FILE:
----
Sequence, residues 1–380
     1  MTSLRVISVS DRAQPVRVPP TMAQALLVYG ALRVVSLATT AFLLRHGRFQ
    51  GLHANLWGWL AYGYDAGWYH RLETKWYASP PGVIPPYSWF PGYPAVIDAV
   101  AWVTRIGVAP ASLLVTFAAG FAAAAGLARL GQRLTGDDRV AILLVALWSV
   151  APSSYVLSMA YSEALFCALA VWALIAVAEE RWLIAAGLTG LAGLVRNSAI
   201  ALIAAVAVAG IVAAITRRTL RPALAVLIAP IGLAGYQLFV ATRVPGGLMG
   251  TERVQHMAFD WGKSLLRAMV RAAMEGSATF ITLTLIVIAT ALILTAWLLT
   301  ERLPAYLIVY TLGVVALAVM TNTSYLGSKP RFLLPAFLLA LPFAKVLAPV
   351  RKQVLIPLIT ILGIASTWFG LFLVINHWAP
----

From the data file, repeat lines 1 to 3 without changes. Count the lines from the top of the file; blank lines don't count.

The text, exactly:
Sequence, residues 1–380
     1  MTSLRVISVS DRAQPVRVPP TMAQALLVYG ALRVVSLATT AFLLRHGRFQ
    51  GLHANLWGWL AYGYDAGWYH RLETKWYASP PGVIPPYSWF PGYPAVIDAV